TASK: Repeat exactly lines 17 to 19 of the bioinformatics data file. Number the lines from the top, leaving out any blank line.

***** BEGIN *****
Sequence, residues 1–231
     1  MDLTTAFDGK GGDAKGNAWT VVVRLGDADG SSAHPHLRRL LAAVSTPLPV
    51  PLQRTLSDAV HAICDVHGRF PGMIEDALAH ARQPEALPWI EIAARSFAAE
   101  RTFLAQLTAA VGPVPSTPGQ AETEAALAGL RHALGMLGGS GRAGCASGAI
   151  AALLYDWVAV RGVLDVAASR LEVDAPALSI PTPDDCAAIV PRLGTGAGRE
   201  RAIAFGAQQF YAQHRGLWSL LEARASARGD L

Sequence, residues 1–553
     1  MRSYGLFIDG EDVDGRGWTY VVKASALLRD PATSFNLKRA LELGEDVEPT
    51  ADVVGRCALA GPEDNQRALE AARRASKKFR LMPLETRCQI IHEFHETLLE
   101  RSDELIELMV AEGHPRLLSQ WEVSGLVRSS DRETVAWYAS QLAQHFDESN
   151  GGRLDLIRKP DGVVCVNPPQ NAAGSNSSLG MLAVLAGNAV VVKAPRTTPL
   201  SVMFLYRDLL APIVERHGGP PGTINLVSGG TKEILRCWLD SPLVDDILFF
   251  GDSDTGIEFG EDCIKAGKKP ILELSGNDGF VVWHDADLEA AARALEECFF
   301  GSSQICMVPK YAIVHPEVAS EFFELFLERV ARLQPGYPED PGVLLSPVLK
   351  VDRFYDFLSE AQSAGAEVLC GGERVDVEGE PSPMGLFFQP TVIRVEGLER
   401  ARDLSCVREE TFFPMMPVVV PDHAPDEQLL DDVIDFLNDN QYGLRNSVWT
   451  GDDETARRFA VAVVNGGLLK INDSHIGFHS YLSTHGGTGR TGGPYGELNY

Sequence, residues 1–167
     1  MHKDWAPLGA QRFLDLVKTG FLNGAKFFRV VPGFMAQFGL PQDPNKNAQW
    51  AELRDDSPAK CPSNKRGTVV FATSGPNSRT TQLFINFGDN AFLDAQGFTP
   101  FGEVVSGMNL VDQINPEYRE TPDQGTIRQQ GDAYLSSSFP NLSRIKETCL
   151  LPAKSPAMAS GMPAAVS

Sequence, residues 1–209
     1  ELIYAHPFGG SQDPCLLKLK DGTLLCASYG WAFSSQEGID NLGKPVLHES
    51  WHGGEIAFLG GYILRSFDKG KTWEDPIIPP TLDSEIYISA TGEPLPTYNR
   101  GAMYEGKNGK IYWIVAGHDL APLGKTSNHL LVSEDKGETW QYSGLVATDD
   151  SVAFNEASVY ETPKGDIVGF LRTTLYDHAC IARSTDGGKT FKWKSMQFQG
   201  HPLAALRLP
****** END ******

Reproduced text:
   451  GDDETARRFA VAVVNGGLLK INDSHIGFHS YLSTHGGTGR TGGPYGELNY

Sequence, residues 1–167
     1  MHKDWAPLGA QRFLDLVKTG FLNGAKFFRV VPGFMAQFGL PQDPNKNAQW